Microsoft seeks EU Digital Market Acts exemption for underdog apps like Edge

Vivaldi boss calls for browser choice and warns that Redmond might be deflating usage figures

Exclusive The European Commission is looking into Microsoft's request to remove Bing, Edge, and Microsoft Ads from the Digital Markets Act (DMA), and at least one rival has claimed the company is not playing fair.

A Microsoft spokesperson told The Register: "We accept our designation as a gatekeeper under the Digital Markets Act and will continue to work with the European Commission to meet the obligations imposed on Windows and LinkedIn under the DMA.

"We welcome the Commission's decision to open a market investigation to consider our application to exempt Bing, Edge, and Microsoft Ads – which operate as challengers in the market – from the DMA."

"Microsoft is basically fighting it," said Vivaldi CEO Jon von Tetzchner in an interview with The Register.

"They're trying to argue that they shouldn't be designated … Microsoft is claiming, basically, that Edge has so little market share that they don't matter.

"I would claim that, more or less, every Windows user ends up using Edge at least once a month whether they want to or not. It is kind of … you get tricked into using it all the time."

Microsoft would doubtless take issue with that argument. However, it is becoming increasingly difficult to avoid the browser. Von Tetzchner cited the desktop search bar that slithered its way into Windows as one example of users being directed to a platform with no straightforward way of switching to a different provider.

"It gets complicated if you have Windows designated as a gatekeeper and Edge not designated as a gatekeeper."

Von Tetzchner commented on the methods he reckoned Microsoft was using to demonstrate that the usage of its products was not high enough to merit the designation: "They're trying to use Statcounter as a source of information about browser usage."

Statcounter is focused on page views. The EC, on the other hand, is more interested in user counts rather than market share. We should also be clear that Microsoft has yet to comment on what its lawyers put in its filing.

"Now, I think you'll agree that what you normally count on the internet is users, monthly users," von Tetzchner said.

"So Microsoft is trying to get away from that and just using a very low number and in doing so trying to basically make the argument since their usage is so low that the rules shouldn't apply to Edge or Bing."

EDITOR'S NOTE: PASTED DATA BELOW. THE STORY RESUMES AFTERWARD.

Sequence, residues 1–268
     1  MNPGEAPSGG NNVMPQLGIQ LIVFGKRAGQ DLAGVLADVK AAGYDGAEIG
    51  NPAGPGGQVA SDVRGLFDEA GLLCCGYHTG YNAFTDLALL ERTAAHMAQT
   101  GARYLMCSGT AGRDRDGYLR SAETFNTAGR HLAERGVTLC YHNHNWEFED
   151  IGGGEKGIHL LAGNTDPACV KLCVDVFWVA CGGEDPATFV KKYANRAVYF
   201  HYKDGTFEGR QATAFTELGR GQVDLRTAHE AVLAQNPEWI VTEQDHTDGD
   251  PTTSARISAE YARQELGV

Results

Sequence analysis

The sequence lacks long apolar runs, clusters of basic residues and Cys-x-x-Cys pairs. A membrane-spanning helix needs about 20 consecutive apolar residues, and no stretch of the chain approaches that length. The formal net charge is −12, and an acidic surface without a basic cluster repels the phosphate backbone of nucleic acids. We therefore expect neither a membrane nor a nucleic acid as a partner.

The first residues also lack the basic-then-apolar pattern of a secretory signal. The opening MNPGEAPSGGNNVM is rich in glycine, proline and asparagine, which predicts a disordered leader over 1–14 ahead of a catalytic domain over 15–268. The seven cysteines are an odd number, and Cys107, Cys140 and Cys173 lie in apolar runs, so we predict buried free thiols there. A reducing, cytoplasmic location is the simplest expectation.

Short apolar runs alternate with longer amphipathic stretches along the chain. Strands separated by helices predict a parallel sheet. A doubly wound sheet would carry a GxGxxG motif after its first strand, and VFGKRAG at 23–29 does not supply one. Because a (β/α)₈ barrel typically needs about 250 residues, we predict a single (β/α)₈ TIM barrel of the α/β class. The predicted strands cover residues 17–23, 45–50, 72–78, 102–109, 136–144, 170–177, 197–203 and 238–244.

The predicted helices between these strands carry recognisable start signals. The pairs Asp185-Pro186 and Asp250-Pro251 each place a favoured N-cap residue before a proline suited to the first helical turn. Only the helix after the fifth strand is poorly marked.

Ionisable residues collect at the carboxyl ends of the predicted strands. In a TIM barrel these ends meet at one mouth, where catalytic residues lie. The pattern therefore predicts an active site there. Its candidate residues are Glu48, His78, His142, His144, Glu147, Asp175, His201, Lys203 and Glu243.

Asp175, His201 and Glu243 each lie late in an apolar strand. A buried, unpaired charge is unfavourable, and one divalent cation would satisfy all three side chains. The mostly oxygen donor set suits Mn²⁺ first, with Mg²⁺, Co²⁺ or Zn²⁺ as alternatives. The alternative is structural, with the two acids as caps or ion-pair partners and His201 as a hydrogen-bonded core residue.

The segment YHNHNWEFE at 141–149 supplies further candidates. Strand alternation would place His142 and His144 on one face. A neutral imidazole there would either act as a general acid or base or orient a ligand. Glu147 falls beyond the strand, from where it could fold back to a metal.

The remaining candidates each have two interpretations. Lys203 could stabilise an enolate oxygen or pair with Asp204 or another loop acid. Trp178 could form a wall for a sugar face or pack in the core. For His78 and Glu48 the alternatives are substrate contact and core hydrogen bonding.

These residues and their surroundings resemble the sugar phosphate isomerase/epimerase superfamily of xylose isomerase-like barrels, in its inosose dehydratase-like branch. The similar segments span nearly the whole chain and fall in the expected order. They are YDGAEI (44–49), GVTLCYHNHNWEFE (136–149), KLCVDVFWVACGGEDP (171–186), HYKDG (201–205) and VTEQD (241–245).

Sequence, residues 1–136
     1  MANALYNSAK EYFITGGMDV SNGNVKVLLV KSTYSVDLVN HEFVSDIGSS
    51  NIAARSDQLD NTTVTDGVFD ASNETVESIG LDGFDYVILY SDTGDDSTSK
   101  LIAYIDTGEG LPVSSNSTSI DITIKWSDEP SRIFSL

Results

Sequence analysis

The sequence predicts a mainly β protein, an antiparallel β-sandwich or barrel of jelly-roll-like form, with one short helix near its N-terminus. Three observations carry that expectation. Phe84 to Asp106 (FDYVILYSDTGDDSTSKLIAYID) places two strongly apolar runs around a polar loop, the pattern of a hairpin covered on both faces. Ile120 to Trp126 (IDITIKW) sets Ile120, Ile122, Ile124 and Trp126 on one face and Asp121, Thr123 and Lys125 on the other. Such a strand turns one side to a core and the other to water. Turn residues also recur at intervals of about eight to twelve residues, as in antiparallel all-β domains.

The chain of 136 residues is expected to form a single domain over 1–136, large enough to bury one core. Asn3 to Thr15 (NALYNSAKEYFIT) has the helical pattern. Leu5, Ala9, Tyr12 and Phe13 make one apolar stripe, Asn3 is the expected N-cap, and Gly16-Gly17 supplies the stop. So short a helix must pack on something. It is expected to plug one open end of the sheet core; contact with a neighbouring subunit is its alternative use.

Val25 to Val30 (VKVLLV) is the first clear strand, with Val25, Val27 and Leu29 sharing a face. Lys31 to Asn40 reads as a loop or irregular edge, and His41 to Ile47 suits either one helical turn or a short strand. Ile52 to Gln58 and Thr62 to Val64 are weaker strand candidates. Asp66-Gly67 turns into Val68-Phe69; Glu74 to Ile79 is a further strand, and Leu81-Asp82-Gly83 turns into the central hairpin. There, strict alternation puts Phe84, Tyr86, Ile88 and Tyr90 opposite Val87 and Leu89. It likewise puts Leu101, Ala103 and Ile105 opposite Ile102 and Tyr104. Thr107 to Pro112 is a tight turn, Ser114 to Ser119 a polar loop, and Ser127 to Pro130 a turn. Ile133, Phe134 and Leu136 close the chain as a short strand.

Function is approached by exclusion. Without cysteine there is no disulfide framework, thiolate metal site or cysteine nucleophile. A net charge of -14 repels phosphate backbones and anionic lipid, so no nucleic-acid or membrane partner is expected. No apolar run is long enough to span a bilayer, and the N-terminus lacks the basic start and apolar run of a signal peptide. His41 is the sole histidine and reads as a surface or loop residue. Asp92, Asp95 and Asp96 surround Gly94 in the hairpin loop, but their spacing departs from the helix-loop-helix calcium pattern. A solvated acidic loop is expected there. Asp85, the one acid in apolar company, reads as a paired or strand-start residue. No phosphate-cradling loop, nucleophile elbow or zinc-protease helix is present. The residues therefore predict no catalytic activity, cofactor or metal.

Warming to his theme, Von Tetzchner noted other ways that users were nudged Edgewards at the expense of alternatives – such as his company's Vivaldi browser.

"If you look at what Microsoft has been doing recently, with basically pushing ads extensively, taking over the default browser, making it really hard to set default, potentially making it harder to install and be visible on the platform … there's just a lot of things that they're doing."

We should be clear that it is possible to change the default browser within Windows, although the process is perhaps not the easiest to follow, particularly considering the plaintive cries from Edge at nearly every step of the way.

Von Tetzchner contrasted Microsoft's approach with that of Google. "My impression is that Google wants to kind of follow the rules, on other hand, trying to find their best way to make them less effective," he said.

Unsurprisingly, Von Tetzchner also had harsh words about Apple, whose restrictions have meant that the iOS version of Vivaldi has had to be based on WebKit. He foresaw a future where companies could use alternative app stores or download directly. "So I think the Digital Markets Act has the potential to make a pretty massive difference across the board."

In the meantime, the prospect of browser choice has once again reared its head, and not just on Windows. "I think you want the choice screen to be served up as early as possible," said Von Tetzchner, "so not coming up sometimes later, when you're trying to start the browser ... and then a choice screen would get in your way.

"And then it's a question of: Are the choices visible? Do you see all the choices? Are there enough descriptions so you can actually make a choice based on not just some logos and the like." ®

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